Abstract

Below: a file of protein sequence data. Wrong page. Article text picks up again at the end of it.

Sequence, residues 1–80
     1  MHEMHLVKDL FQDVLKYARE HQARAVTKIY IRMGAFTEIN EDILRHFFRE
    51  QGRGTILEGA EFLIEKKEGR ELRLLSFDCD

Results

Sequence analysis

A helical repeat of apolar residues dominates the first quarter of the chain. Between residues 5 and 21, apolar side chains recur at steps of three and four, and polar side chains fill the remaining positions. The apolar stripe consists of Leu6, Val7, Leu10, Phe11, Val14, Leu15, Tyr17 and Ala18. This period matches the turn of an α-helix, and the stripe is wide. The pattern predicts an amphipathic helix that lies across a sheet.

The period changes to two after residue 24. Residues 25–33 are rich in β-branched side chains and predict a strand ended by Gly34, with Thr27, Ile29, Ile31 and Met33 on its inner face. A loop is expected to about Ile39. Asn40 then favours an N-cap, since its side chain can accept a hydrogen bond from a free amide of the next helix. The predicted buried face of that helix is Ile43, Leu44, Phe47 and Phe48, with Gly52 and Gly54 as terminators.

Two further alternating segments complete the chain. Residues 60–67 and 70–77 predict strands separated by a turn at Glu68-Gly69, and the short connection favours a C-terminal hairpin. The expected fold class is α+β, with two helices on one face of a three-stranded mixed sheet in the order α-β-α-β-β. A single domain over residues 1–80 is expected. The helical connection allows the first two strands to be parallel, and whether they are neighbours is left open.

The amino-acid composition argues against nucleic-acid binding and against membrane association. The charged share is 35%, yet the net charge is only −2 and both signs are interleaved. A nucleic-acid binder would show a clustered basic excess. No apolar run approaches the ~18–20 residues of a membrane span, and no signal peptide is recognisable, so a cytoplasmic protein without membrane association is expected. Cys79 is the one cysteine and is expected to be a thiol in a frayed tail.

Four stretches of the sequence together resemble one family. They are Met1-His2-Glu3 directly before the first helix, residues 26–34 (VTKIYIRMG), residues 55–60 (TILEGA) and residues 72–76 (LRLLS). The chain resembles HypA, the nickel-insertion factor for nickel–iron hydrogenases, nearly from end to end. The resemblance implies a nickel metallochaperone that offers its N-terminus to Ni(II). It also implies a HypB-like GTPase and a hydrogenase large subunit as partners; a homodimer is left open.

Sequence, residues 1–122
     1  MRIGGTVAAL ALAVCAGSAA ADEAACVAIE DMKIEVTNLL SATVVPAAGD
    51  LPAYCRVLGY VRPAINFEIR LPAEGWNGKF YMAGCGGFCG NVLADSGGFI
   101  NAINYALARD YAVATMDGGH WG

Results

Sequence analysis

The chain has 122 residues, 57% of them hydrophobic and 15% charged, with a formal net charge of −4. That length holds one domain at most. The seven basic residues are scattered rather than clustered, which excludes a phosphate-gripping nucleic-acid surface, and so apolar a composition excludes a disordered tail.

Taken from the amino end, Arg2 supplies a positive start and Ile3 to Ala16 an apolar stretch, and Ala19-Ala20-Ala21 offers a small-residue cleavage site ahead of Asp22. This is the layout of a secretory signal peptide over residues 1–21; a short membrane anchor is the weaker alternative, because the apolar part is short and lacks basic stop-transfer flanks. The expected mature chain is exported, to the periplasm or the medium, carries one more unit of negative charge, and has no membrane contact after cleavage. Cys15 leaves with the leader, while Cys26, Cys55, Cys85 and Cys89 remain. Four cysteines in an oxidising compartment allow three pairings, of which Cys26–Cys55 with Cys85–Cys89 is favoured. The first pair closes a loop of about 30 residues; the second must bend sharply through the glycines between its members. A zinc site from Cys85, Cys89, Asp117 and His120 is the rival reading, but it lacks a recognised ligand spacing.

Objective: This study aims to compare neuroimaging measures of gray matter thickness and volume in the medial prefrontal and parietal areas of combat veterans with and without Post-Traumatic Stress Disorder (PTSD) and blast exposure. Secondary objectives include investigating the relationship between neuropsychological and imaging data. Method: Twenty post-9/11 male combat veterans were recruited from the Philadelphia Veterans Affairs Medical Center. All participants had been deployed, 13 had a history of PTSD and blast exposure, and seven did not endorse PTSD or blast. Veterans completed measures of emotional and neuropsychological functioning and one MRI scan. Results: Volumetric measures of the caudal and rostral anterior cingulate cortex (ACC) and precuneus areas were normalized using total gray matter volume. Group differences in gray matter volume across hemispheres were examined using repeated measures analyses of variance and no significant differences were found. Independent samples t-tests also did not find significant group differences in thickness for these areas. Controls outperformed those with TBI and PTSD on a measure of premorbid intelligence, t(18) = 2.65, p = .02, 95% CI [3.77, 32.47]), but no other significant differences in neuropsychological performance were observed. Conclusion(s): These initial findings are unexpected, as previous research has found significantly smaller anterior cingulate cortex volumes in those with PTSD. However, these areas are relatively unexplored in relation to PTSD and blast injury. This study may provide evidence that the medial prefrontal and parietal areas do not serve as biomarkers for the presence of PTSD and blast trauma, but more data are needed to draw firm conclusions.